South Beach shoreJanuary, 2017
SoBe shore (as locals call South Beach shore) is really great: almost 5 km of white sand meets turquoise water (when the sea is calm). Compared to Mediterranean standards, the beach is wide as well as being long. It borders on Lummus Park promenade, which separates the beach from Ocean Drive; it’s the perfect location for any kind of physical activity, as we wrote in another article.
The beach is free almost everywhere, with little resorts that are quite different from ours: there are only beach loungers and umbrellas, and a small wooden kiosk where you can buy drinks, ice creams and sandwiches. If you are close to the hotels you can use their bar services to order cocktails, salads, fresh fruit and other dishes. Anyway many Americans (and not only) opt for a “do it yourself” approach and bring chairs, beach umbrellas, tents, coolers and food from home.
There are different kinds of bathers: Europeans on holiday, American Cubans, Yankees from the north looking for the sun, retired people looking for relaxation, university students… it depends on the period of the year.
Much depends also on the area of the beach: SoBe starts from 1st Street and ends at 23rd Street; in between you can find different worlds. For instance, from 1st to 5th (in the area called SoFy, South of Fifth) there’s a mix of surfers and chic customers.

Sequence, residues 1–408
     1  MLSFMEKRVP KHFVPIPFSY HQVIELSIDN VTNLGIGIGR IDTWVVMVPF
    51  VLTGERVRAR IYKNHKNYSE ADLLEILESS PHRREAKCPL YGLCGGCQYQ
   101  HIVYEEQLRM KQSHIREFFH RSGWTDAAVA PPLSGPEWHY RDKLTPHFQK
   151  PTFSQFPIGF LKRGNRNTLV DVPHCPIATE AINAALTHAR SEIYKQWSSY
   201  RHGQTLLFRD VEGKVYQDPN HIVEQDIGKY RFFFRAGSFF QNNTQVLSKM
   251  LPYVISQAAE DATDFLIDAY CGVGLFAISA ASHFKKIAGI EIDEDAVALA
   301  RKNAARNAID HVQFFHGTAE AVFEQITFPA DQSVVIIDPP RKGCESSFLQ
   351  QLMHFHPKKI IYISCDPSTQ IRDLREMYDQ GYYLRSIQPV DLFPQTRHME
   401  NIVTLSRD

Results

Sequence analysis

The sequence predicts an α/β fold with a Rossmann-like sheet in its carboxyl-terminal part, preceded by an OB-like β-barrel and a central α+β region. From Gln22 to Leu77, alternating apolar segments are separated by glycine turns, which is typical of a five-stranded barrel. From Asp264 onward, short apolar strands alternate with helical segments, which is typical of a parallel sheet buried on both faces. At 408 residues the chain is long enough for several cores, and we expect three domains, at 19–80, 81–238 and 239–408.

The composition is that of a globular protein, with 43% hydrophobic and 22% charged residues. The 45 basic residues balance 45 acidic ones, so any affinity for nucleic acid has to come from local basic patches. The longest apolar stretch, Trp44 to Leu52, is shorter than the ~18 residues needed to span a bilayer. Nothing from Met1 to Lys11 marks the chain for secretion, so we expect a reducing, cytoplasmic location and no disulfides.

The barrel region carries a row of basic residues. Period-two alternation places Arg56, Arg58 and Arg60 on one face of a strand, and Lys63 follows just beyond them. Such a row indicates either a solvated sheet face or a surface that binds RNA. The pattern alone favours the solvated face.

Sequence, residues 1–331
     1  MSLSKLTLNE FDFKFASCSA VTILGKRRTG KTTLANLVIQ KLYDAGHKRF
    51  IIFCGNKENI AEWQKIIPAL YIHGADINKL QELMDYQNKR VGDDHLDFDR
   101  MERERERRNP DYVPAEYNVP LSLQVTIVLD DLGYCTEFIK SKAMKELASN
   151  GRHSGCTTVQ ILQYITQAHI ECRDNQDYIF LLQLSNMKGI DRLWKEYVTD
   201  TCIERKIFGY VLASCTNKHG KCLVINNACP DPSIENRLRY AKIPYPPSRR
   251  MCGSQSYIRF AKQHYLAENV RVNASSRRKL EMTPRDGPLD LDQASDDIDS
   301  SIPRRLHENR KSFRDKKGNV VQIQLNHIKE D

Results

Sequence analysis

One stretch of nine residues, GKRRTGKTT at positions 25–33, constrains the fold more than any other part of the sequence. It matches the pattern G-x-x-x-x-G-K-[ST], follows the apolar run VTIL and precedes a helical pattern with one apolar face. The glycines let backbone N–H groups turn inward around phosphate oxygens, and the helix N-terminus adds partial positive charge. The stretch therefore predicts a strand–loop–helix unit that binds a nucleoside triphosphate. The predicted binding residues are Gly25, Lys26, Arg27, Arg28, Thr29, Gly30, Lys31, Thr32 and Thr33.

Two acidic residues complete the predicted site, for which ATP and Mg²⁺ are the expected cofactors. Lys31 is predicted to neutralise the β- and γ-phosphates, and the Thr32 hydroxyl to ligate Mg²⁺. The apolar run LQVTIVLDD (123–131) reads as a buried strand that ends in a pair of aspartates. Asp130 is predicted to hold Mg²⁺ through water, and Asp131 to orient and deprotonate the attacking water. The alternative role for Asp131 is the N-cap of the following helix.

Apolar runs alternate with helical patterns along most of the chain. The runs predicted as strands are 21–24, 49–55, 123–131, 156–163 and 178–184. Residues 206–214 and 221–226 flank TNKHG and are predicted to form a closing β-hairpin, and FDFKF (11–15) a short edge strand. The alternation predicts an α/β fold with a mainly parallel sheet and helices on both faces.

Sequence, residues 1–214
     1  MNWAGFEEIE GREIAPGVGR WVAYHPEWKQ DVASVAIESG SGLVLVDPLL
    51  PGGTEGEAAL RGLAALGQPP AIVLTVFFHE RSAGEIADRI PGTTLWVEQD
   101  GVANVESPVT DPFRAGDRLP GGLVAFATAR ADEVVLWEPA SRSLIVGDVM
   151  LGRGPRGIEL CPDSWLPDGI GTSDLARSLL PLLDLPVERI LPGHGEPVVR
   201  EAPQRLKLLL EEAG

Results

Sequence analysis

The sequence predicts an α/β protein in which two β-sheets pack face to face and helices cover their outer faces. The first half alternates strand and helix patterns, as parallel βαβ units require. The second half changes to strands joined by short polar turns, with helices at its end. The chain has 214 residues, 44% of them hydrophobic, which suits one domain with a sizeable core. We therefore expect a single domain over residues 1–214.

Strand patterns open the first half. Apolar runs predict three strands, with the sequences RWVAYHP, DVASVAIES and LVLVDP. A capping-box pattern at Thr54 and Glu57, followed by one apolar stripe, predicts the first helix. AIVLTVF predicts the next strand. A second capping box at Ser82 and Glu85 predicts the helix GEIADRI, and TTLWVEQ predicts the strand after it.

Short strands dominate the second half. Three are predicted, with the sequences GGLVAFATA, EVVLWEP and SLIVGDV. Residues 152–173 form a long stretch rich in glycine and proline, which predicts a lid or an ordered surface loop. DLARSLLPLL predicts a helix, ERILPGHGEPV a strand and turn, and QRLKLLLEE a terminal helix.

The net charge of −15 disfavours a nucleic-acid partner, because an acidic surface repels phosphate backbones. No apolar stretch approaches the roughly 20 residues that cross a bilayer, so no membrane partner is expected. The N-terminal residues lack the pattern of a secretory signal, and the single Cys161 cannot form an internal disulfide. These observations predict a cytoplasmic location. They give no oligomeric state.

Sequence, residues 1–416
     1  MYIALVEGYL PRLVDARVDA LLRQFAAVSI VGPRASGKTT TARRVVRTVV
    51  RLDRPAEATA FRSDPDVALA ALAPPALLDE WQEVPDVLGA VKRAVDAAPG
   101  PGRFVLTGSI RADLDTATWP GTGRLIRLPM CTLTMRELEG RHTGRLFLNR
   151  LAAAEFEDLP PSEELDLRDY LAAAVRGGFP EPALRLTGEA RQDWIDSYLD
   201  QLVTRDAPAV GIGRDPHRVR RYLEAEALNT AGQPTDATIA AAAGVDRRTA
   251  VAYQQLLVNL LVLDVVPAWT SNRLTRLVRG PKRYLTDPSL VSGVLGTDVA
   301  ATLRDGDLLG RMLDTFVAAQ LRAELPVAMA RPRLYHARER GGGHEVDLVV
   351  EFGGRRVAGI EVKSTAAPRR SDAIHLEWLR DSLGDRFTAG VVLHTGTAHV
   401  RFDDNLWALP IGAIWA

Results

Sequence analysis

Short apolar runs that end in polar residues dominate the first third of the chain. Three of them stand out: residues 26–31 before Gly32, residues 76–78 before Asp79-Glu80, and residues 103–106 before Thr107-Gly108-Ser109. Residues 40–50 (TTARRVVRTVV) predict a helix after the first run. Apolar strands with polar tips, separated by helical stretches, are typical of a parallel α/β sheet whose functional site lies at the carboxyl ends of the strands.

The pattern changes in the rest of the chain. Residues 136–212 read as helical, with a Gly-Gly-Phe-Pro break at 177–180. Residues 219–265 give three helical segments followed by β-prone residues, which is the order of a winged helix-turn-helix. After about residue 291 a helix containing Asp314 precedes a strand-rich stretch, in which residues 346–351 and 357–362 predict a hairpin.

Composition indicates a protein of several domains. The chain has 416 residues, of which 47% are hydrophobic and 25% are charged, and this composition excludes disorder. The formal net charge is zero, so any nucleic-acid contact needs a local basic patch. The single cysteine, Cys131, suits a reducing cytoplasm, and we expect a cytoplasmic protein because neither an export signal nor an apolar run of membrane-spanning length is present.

From 5th to 20th the population is more varied: boob jobs go together with beach tennis, elegant ladies walk on the shore close to Rasta guys in their dreadlocks, and groups of noisy teenagers run through groups of standard families. Around 12th St. you find the part of the beach frequented mainly by the Miami gay community. From 20th St. there are private beaches belonging to exclusive hotels, where it’s possible, at least apparently, to see some so-called V.I.P.s.
We think the most peculiar thing about South Beach is the lifeguard towers: those wooden sentry boxes painted in bright colors from where lifeguards guard the shore. But we’ll write in detail about those shortly.